A theory based on our genetics, on the hominid’s, and other mammals’ too, the famous bottleneck, suggests that our species was reduced to a few thousands (according to Sam Kean it was actually around 40) and so they, so we, risked extinction, now we would call it a protected species.
But at the time, no one protected it, it saved itself. And became Sapiens. And then Sapiens Sapiens. And then it was a random diversification, Sapiens Sapiens, Super Sapiens Sapiens and then a numerous and colourful range of Little or absolutely not Sapiens, commonly called Ignorans Knowitallus.

Act 4: Good and Evil

Host

Easy for SuperSapiens to win!  

Guest 16

That depends. It takes one to know one. Climate improves and what do they do?
They start evolving, and since earth caused no problems, they decided to kill each other.
The first cause of death in human history? Human violence.
Not to mention non-murderous violence, like mistreatment, slavery, verbal, physical, and social violence.

Host

Well, if you put it like this it’s not a good portrait of our species

Guest 16

Good or bad, that’s what the numbers tell us.
But luckily there’s more. Beauty is endless.
Doctor Yonatan Sahle, for example, is one of those archaeologists who have worked in the Afar Depression.
These are his words in the interview for the documentary “Inside Hell”, by Werner Herzog in 2016:
“At the university I’ve studied history and that’s how I fell in love with the subject, but it wasn’t enough, history wasn’t enough, I wanted to dig even further back in time and discover what truly makes us human; we are a truly unique species in the way we interact, collaborate, produce, and modify the environment, but, at the same time, we fight among each other, we destroy, we pose a hazard to other species and the planet, to the destiny of the planet; so we are a very interesting species and I wanted to get to the root of it all and discover what lies at the base of these processes.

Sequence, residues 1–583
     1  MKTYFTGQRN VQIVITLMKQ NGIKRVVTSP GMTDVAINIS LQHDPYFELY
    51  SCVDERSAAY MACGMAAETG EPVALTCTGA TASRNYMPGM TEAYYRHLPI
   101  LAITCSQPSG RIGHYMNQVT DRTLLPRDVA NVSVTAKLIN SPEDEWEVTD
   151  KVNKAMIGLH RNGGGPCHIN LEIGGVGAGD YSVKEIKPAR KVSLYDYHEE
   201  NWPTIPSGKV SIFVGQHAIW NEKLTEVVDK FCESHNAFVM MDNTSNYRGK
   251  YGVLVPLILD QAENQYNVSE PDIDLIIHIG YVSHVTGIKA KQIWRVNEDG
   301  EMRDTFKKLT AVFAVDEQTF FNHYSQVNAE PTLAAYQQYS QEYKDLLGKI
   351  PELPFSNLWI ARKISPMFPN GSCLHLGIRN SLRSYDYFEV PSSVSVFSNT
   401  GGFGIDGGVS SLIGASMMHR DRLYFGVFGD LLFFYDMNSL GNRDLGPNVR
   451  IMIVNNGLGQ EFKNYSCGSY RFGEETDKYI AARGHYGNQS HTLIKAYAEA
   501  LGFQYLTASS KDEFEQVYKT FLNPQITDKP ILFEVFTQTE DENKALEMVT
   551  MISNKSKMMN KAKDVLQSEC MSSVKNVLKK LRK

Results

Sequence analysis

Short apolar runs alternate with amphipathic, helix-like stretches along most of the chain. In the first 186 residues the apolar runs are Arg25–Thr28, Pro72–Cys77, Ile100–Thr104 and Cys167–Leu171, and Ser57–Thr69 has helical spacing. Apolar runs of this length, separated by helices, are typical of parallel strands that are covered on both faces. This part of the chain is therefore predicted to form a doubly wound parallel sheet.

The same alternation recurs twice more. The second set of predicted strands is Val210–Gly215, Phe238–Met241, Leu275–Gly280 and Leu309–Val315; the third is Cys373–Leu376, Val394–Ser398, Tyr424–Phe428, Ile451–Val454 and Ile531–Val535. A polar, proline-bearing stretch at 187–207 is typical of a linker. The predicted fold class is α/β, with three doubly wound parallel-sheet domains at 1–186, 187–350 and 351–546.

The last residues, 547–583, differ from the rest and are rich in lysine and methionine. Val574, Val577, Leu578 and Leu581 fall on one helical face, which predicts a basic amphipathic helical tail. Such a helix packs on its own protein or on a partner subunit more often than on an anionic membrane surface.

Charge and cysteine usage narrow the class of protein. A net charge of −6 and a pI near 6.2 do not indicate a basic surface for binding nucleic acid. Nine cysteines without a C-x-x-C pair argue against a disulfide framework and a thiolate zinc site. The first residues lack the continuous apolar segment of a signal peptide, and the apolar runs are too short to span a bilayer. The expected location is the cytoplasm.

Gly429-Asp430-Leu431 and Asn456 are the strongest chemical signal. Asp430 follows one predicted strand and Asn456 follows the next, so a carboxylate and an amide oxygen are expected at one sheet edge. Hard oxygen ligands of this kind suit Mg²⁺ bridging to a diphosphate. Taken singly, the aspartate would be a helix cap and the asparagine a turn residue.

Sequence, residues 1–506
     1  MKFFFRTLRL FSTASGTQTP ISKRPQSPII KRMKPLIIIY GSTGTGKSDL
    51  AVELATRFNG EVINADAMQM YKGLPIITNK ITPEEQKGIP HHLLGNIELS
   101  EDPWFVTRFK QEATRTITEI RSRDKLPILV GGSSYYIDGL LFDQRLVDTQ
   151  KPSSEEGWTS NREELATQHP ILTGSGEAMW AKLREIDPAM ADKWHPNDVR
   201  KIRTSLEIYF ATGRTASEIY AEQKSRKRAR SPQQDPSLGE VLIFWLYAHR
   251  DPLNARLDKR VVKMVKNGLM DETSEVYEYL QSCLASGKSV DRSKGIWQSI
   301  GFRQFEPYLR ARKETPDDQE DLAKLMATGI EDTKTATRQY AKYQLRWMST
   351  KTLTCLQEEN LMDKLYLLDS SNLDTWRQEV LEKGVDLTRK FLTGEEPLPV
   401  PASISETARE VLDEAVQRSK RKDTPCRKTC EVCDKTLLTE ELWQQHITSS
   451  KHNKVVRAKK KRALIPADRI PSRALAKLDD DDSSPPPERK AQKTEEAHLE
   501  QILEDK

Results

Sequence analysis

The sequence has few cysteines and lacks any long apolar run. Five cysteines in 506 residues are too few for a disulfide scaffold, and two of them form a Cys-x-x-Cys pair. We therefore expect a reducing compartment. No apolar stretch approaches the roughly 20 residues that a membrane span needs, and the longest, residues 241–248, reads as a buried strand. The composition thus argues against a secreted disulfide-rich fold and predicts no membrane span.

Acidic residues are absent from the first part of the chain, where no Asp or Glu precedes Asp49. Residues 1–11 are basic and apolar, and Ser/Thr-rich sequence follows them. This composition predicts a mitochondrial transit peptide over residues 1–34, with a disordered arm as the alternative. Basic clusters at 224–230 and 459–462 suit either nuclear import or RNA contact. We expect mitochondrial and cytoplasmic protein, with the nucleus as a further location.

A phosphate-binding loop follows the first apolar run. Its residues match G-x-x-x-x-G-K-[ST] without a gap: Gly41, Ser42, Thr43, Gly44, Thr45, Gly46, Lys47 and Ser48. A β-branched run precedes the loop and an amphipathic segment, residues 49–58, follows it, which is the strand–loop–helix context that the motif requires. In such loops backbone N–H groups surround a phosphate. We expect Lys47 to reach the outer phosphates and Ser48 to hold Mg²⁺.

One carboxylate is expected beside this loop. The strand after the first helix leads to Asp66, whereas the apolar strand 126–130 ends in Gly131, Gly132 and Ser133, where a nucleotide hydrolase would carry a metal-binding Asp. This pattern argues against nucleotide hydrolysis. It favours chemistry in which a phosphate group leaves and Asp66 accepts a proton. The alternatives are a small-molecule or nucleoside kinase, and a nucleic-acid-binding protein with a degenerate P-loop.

And once we’ll find ourselves, as a species, at a truly critical situation, we will have to be able to learn from our mistakes and manage to work hard in order to make the situation of our planet better, to allow our species to have a future.”

Host

You see, history makes people wise. 

Guest 17

Yeah, so much that it was mistreated by the educational plans of the time.
Just imagine that at those times people would claim that war was part of human nature, lifting them away from the ineradicable guilt.
All of this left a free range available to those who were willing to profit from it, with one of the usual excuses that we can summarize in:
we kill people who kill people because killing is wrong.
All of this comes to us from the history of great events, of great voices, but not all the individuals agreed.

Host

Another archaeologist?

Guest 18

No, this time a nurse, Quinto, who, in a diary from the early 2000’s, speaks of the evil like this:
“Sometimes I still unbelievably hear someone saying that war is within the nature of man. But if with the word man we mean every person, this means that we accept that evil is in our DNA. But if it’s in our DNA, this means that children, when they’re born, are already evil. No, I can’t agree with that.”

Guest 19

“My experience tells otherwise. In all my life (and I’ve met my fair share of kids) I haven’t met an evil one. Kids can be violent, racists, bastards, cynical, obnoxious, selfish, liars… Kids can be everything, but they can’t be evil, because evil needs awareness of the consequences of one’s actions. Kids aren’t aware, sometimes partly, but never fully. They are naïve, they have a simple soul, innocent. Lucky them! This is why I cannot accept the thought that war is within human nature.”

Host

The world changes but childhood doesn’t, a certainty, a constant, a …

Guest 20

May I?
“It was a calm afternoon in Paediatric Oncohaematology from a few years back and I was chatting with a bald dwarf about his new phase: precious stones. He started asking himself and me where and how they’re found, who, when, and mostly why. One eye on the internet and the other on his book’s charts and then he told me: “but if most precious stones are found in Africa, why is Africa the poorest continent of the world? Good question”

Host

So, it’s not in our nature, it’s not in our genetics, where’s the crossroad?

Guest 21

Hannah Arendt wrote “A Report on the Banality of Evil” in 1963:
“The manifestation of the mild event of thought isn’t knowledge at all, but rather aptitude to tell good and evil apart, the beauty of the world from eyesores, and I want to believe that thinking may gift people with the strength to know how to prevent horrible catastrophes in those rare moments when the reckoning occurs”.
And in 2020 humanity risked a lot, among viruses, violence, violated rights, hunger and struggling not to delegate conscience.